(e) there were a significant number of declarations dated pre-1990 (23 out of 215) and Revenue asked if the bank ever reviewed their files to check if there was any evidence that any of these "old cases" were now resident. The bank stated that it had no procedure in place to monitor such cases.

At the end of the examination Revenue informed the bank that the overall standard of completion of the declarations was not satisfactory and that there was an obvious carelessness on the part of the bank or its customers regarding the completion of the forms.

The Chief Executive of the bank stated that the matters that arose were minor and of a technical nature. The bank felt that the examination was satisfactory. The bank was advised by letter of 16 December 1998 that a more extensive review to include all periods from the inception of DIRT would be carried out by Revenue. The matter is ongoing.

Ansbacher Bankers Limited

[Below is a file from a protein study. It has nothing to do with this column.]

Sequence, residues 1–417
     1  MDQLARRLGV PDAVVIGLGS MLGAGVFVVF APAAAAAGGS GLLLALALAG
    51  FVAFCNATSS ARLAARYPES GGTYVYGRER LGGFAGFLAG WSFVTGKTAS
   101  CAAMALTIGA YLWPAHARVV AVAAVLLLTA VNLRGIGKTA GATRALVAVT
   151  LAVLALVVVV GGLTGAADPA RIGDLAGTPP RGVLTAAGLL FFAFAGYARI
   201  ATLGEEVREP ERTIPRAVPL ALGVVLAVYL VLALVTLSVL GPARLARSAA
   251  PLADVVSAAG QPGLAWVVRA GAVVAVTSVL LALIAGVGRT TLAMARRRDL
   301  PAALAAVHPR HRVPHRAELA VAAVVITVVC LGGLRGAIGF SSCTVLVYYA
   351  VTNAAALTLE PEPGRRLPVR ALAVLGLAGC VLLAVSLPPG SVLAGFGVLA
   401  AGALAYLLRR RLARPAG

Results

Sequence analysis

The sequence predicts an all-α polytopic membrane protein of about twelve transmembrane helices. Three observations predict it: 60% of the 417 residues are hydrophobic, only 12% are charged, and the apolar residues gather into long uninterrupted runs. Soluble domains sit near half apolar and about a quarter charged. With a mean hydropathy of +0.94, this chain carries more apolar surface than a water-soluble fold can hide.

Non-Resident Deposit Levels

The bank's share of the non-resident deposit market as at 30 November 1998 was 0.23%.

The value of its non-resident book varied between ?20m and ?41m during the period 1986-98.

Key statistics in relation to non-resident accounts were as follows

Year

Number of Non-Resident

Accountsa

Percentage of Deposit

Book by Valueb

1998

1997

1996

326

398

n/a

18.9%

29.4%

36.4%

a Information supplied by the bank

b Calculated using Central Bank data.

Internal Management Review

Anglo Irish Bank acquired Ansbacher Bankers Limited in March 1996. Anglo Irish Bank informed me that in the period from March 1996 to date, the bank’s systems, procedures and internal controls have been subject to both internal and external audit review. Since the internal audit function is a Group function, the bank is currently subject to the same reviews as Anglo Irish Bank Corporation plc.

At no stage were any material deficiencies with regard to the operation of non-resident accounts highlighted nor in fact was the bank aware of any abuse of the non-resident accounts. As such, at no stage were any additional tax payments made to the Revenue Commissioners. To the best of the bank’s knowledge and belief, this applied to the period from 1986 to 1996.

Administration of the Taxes Acts

In 1992, Investigation Branch of Revenue was in contact with the bank regarding concerns about bogus non-resident accounts. As a result of further enquiries one non-resident account was closed and the account holder subsequently made a settlement with Revenue. The circumstances surrounding this case are outlined in Chapter 7 Section 3.